- Raila says he reconciled with Moi long after detention for six years without trial.
- Ruto said Moi was the father of the nation.
ODM leader Raila Odinga, who was once tortured and detained during the Nyayo era, on Tuesday said he forgave and made peace with the late President Moi.
Raila said Moi made great contributions to the country "but like any human being had his own weaknesses".
"In trying to consolidate unity among the people of Kenya, Moi made some mistakes. I was one of the victims," he said.
He spoke as he paid his tribute to the second president at a state funeral service held in Nyayo Stadium, Nairobi, on Tuesday.
Raila, whose political career had run-ins with Moi's Kanu administration, sought to honour the former president as a man who had a big heart to forgive.
"But he was also forgiving like I am... We made our peace and shook hands and worked together to bring this country the new Constitution," he said in a conciliatory tone.
In 1982, Raila was charged with treason over the abortive coup and detained for six years. He was released in February 1988 but six months later detained again and released in June 1989.
Raila said while Moi took over from his predecessor Jomo Kenyatta at a time the county was going through a major transition, he managed to steer it together.
"We have come to say farewell to one of the great leaders of our country. A lot has been said about him(Moi), but we want to say that he was one of the freedom fighters of our country," he told the gathering.
Raila said Moi's legacy to unite the country informed his decision and that of President Uhuru Kenyatta to bring Kenyans together through the Building Bridges Initiative.
"We remember him (Moi) for the good things he did as we work together to bring the country together and forget the wrong things."
Deputy President William Ruto described Moi as a great pan-Africanist, statesman and selfless leader who mentored many leaders in the country.
Ruto, a political student of Moi, said like any other human, "President Moi was not perfect."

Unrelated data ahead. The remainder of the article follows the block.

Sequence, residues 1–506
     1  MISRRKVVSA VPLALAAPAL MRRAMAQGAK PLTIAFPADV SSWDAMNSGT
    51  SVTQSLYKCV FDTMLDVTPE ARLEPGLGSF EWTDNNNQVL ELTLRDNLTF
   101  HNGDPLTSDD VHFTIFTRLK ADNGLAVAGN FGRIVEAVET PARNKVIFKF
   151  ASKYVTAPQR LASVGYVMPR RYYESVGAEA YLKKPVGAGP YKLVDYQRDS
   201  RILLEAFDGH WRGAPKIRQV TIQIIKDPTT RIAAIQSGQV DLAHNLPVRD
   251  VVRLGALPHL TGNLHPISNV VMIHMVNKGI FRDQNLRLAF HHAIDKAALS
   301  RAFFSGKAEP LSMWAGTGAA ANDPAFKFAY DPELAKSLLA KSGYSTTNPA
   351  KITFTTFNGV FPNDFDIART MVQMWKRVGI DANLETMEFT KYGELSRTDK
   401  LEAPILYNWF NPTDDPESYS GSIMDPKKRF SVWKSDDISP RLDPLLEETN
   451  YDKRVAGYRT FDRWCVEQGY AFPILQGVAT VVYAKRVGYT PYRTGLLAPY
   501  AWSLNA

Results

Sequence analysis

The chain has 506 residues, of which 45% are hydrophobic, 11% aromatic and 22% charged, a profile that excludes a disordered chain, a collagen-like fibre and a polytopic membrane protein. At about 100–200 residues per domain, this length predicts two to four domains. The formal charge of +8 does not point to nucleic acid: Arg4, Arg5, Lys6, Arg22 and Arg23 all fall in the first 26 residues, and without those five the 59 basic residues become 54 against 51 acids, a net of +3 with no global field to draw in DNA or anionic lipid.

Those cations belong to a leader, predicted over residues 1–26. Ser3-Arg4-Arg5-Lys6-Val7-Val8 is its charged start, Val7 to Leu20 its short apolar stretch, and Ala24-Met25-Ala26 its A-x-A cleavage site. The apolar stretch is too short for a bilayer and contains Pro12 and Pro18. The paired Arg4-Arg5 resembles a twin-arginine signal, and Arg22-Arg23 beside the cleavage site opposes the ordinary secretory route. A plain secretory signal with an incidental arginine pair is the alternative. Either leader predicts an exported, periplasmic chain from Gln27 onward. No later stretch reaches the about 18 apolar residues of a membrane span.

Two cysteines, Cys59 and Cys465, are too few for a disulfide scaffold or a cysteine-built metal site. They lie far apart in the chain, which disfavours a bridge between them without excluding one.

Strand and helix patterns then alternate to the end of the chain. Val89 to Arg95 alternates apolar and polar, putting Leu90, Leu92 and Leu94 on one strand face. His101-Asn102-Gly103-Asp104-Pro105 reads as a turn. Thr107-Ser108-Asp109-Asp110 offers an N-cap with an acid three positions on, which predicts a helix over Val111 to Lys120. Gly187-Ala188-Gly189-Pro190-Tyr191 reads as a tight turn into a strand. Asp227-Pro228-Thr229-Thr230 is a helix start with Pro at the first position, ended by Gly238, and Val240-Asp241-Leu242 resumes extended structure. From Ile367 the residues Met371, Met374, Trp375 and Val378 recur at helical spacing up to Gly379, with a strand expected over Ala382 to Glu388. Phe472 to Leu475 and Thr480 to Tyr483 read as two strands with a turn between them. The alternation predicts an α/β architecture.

"As a person who was very close to him in the last three years of his presidency, I can say without fear of contradiction that Moi was always genuine and meant the best for Kenya. He did his best," he said.
He hailed Moi as a man who tirelessly championed for national unity and peace during his 24-year rule. "President Moi stands out. Taking over from our founding father Mzee Jomo Kenyatta, he consolidated this country and brought on board all communities, including the marginalised to the mainstream of the nation of Kenya."
He said Moi expanded the opportunities for many Kenyans to acquire education during his tenure. "Without a doubt, President Moi was a great teacher and his footprints in the entire education system in Kenya are evident."
Moi went out of his way to do the best for this country as a true nationalist and patriot, he added. "His belief in Kenya inspired many of us and influenced the people we are today."
Retired President Mwai Kibaki said Moi was a legend and master of thwarting crises with rare ability to assert state authority. "That is how largely Kenya stabilised as a number of countries in the region suffered disruptions and long periods of civil unrest," Kibaki said in a speech read by Laikipia Governor Nderitu Muriithi.
The third president of Kenya said Moi demonstrated his charisma when in 2002 he oversaw an unprecedented smooth transition of power to him. "His willingness to usher the next head of state remains a badge of honour on his leadership as well as his statesmanship credentials."
Kibaki succeeded Moi after winning the 2002 election in which he defeated Moi's preferred candidate, President Uhuru Kenyatta. This marked the end of Moi's 24-year rule.
Moi died on February 4 and is to be buried on Wednesday at his Kabarak home, Nakuru county.